Q&A with HPD President Art St. Cyr, post-Indy open test

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The issue of the domed skid plates coming onto INDYCAR’s underbody, in the sanctioning body’s quest for further safety, has been a thorny one with some Honda drivers noting a stability issue in handling in testing.

Nonetheless, INDYCAR put out a ruling following the April 6 open test at Indianapolis 500 that the domed skids would remain intact and in place for the 100th running of the race, and underbody strakes – which would increase underbody downforce rather than top side downforce as is made by the aero appendages on the aero kits – would not be added for the race.

NBC Sports caught up with Honda Performance Development President Art St. Cyr post-that ruling, but pre-the Toyota Grand Prix of Long Beach, for thoughts on the ruling, the reaction, and how Honda intends to move forward into next week’s Honda Indy Grand Prix of Alabama, then the month of May at the Indianapolis Motor Speedway.

MST: I’m sure you’re sick by now of talking about domed skids…

Art St. Cyr: “I really just want to put it behind us, and get back to racing. Originally we weren’t talking about it, because you want to handle rule changes internally. You don’t want jury by the press!”

MST: Alas, now the official ruling is out from INDYCAR. So how does Honda move forward following the ruling?

St. Cyr: “That’s basically it. We have to back up a bit, on the whole ruling. After last year’s qualifying issues we had, we’d been working cooperatively with INDYCAR. Honda is for safety. We’re not going to say we’re opposed to anything that can make it safer, in an inherently risky sport. So it was, ‘What are some ideas we can do to improve safety, including the domed skid?’ The domed skid in itself started getting some life in late summer of last year (and was announced in November -Ed.).

“The last time we talked about it before the rule came out, I have to clarify, Honda’s understanding is that we would replace any underfloor downforce levels with underfloor downforce. The floor is a spec part, the skid is a spec part, it should be spec goes on, and it should be same for both sides. That was our understanding. And then the rule came out and it did not reflect that, so it caught us out a bit. We had fixed our design around the time, before the rule came out.

“In the (Rule) 9.2 boxes, the standard 3 boxes, in those 9.2 boxes, the sidepod and the floor – anything around that – is not open for development. There is no way to account for it using your 9.2 boxes. Since the rule came out, we’ve talked with INDYCAR, in saying, ‘Hey this isn’t what was promised. This is supposed to be aerodynamically neutral.’ Also in the discussion was that we’d test and adjust as necessary.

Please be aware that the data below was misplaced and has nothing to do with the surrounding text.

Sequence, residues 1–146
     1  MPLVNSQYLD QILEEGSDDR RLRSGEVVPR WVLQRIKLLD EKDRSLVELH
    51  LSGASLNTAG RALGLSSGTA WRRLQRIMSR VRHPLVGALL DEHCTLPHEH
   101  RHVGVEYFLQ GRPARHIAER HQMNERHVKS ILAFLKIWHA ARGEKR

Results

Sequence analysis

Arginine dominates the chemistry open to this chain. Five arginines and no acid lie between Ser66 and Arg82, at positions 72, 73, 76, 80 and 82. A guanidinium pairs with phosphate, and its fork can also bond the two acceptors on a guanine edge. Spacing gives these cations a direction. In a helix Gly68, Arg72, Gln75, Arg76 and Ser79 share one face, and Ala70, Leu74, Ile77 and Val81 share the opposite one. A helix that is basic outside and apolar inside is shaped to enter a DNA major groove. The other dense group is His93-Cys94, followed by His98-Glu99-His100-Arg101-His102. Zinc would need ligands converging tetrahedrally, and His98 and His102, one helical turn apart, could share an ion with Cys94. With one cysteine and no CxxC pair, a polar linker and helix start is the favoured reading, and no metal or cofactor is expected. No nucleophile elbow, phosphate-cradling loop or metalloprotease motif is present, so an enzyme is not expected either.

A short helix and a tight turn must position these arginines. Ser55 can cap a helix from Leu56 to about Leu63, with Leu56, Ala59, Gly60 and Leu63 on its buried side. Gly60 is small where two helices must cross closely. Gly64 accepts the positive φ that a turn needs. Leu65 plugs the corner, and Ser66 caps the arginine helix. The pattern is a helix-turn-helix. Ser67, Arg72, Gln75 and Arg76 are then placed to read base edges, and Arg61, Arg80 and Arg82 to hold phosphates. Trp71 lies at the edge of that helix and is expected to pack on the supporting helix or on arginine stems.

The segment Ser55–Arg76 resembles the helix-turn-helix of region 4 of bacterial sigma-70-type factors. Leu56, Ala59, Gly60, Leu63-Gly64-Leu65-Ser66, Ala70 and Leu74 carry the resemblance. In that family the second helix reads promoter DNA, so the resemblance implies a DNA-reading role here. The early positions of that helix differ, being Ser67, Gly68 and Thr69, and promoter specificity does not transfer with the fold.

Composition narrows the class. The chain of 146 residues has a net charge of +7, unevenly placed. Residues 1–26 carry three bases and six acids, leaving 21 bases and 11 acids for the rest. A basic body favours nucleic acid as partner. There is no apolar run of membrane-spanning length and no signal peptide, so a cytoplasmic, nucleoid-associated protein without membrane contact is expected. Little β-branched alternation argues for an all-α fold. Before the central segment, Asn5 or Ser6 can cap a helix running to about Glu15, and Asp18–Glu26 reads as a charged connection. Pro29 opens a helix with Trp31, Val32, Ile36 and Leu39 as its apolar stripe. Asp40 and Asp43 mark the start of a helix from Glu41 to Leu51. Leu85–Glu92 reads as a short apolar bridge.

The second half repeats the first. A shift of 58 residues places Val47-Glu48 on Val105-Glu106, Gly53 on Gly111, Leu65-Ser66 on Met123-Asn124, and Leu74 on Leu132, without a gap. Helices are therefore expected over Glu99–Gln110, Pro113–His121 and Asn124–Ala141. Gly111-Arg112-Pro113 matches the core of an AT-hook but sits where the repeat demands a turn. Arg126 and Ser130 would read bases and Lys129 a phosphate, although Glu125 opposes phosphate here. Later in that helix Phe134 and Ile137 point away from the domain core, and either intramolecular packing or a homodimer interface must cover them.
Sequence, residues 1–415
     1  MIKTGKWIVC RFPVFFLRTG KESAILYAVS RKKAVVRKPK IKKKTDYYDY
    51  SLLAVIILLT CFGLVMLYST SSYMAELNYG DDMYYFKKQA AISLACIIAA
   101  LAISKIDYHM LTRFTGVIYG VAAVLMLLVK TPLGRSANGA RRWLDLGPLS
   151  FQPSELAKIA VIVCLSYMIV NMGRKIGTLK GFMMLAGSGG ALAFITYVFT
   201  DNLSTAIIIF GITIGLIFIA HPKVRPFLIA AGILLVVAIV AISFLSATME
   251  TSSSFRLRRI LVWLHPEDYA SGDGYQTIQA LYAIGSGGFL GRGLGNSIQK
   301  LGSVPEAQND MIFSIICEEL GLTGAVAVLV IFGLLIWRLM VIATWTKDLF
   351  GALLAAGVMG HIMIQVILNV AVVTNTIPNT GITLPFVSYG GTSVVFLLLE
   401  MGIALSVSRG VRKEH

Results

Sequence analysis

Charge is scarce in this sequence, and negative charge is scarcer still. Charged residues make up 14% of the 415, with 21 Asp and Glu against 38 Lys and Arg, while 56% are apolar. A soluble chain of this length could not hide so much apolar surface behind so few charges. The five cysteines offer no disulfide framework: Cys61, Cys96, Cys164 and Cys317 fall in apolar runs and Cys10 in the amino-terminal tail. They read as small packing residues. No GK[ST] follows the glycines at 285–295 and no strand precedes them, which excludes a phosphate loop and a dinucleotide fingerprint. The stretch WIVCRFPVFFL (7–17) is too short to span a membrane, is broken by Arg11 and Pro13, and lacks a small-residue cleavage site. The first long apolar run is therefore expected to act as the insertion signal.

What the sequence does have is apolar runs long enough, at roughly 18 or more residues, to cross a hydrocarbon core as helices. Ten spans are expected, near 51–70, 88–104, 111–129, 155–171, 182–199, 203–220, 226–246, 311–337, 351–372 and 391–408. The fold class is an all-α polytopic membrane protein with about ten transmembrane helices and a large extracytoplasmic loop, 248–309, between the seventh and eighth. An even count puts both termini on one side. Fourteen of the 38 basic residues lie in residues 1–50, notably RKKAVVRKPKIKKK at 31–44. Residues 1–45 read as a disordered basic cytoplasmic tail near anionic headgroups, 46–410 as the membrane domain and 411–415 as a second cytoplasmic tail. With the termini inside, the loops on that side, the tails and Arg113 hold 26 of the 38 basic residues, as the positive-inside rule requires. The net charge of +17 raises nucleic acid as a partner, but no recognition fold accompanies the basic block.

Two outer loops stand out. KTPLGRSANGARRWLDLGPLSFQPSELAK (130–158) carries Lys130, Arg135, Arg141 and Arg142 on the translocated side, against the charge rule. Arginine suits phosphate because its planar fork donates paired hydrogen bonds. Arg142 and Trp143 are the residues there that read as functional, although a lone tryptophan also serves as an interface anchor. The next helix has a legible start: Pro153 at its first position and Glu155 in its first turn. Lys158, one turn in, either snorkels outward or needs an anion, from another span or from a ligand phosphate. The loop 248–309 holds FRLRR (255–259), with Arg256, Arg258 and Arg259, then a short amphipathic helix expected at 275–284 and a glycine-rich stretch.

“The reason I am willing to talk now, the rule came out, a rule is a rule, and we’re going to go racing. We want to put it behind us. It seemed there was this perception that Honda was asking for concessions or anything else… we weren’t. I want to clarify that. We weren’t looking for a concession. We’re looking to have a spec part which theoretically would affect both. It wasn’t, ‘Not just Honda gets these parts’  It should be available for both. It’s a spec part. Everything is spec. Let’s make sure we do this, as we get the car raised 10 mm. Physics is physics. That’s such a big adjustment. That’s not a Honda or competition thing, that’s physics. I assume that part is going to affect both sides.

“Our stance was, ‘Why would we not put the downforce back we lost?’ We want a strong, ruling sanctioning body to make rules. We discussed. Unfortunately it got discussed in the media, which is not our way of doing it. We take a bit of exception that ‘we’re whining to get concessions,’ because we’re not. I want that to be completely clear.”

MST: You’ve been involved since the 1990s… you want to win with a better car, not because of the sanctioning body?

St. Cyr: “That’s exactly it. We knew we were behind last year. It was obvious at the Indianapolis 500. The competition was faster than us. We knew we had the gap to make up. We embraced it, we owned it. That’s what we’re trying to do. We’re trying to make it up.

“From a Honda viewpoint, other people have different perceptions of what’s written down, is that any downforce loss would be replaced without us having to worry about it. So we didn’t take that into consideration, intentionally so.”

MST: There have been some competitors who’ve said, well, Honda made progress at the last two big ovals in Fontana and Pocono and won both. Were those improvements relevant to now, or not?

St. Cyr: “That’s a little bit different story, last year. This’ll be a longer explanation. Last year, our aero kit had decent performance, but there was really only one way to run it to get the maximum performance. Best example is Graham Rahal and his group found the peak performance.